July 25, 2011
While the U.S. economy is struggling, U.S. corporations aren’t.
A third of the way through the second-quarter reporting season, earnings at companies in the Standard & Poor’s 500-stock index are the highest in four years, according to S&P analyst Howard Silverblatt, who predicts the second half will be even stronger. Yet there is little indication that the strong results will jump-start the U.S. economy and get the millions of Americans idled by the recession back to work.
Blessed be the job creators. Now the rest of you get your resumes in order and ignore the person behind the corporate logo.
July 20, 2011
May 3, 2011
As America celebrates President Barack Obama’s birth certificate as well as Osama bin Laden’s new eye hole, one bit of news managed to get by that will likely have a bigger effect on the U.S. – Chrysler announced a profit:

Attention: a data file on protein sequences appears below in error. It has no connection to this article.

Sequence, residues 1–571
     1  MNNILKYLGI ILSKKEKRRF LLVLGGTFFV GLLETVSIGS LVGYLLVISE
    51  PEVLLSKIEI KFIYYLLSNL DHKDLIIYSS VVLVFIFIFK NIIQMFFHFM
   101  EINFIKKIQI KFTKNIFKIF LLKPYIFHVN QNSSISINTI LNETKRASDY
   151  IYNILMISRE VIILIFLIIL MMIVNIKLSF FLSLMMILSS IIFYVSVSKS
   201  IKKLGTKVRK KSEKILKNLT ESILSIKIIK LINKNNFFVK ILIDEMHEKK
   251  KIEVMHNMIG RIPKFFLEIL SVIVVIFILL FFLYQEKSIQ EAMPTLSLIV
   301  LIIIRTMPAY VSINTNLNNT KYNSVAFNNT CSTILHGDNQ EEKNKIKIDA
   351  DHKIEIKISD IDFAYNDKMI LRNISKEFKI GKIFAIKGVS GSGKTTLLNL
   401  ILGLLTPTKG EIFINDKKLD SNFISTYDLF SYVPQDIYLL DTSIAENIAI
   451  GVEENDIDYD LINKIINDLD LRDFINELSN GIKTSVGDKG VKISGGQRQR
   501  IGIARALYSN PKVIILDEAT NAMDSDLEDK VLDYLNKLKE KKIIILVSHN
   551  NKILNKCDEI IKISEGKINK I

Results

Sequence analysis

Chrysler has posted its first quarterly net profit since declaring bankruptcy almost two years ago, Reuters reports.
The Fiat-controlled brand’s first quarter net income came to $116 million, with a total increase in revenue of around 35 percent to $13.1 billion.
The company’s success can be traced partially to several redesigned vehicles, including the Jeep Grand Cherokee. Additionally, the overall vehicle price rose to $28,300 in the first quart, from $27,300 a year ago.
Chrysler has been posting operational profits, but the cost of high interest on loans the company owes from its 2009 bailout have damaged its ability to post a net profit.
For those of you struggling to recall, the bailout of Chrysler – according to Republicans - was more or less going to be the end of capitalism, if not the world in general.